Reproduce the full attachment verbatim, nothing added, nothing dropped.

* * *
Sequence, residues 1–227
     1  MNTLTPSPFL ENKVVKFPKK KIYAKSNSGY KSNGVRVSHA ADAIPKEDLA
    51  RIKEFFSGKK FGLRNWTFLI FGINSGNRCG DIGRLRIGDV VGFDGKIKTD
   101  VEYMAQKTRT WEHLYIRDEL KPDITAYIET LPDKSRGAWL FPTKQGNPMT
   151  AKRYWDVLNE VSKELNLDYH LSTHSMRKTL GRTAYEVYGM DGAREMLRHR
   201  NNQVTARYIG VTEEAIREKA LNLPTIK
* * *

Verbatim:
Sequence, residues 1–227
     1  MNTLTPSPFL ENKVVKFPKK KIYAKSNSGY KSNGVRVSHA ADAIPKEDLA
    51  RIKEFFSGKK FGLRNWTFLI FGINSGNRCG DIGRLRIGDV VGFDGKIKTD
   101  VEYMAQKTRT WEHLYIRDEL KPDITAYIET LPDKSRGAWL FPTKQGNPMT
   151  AKRYWDVLNE VSKELNLDYH LSTHSMRKTL GRTAYEVYGM DGAREMLRHR
   201  NNQVTARYIG VTEEAIREKA LNLPTIK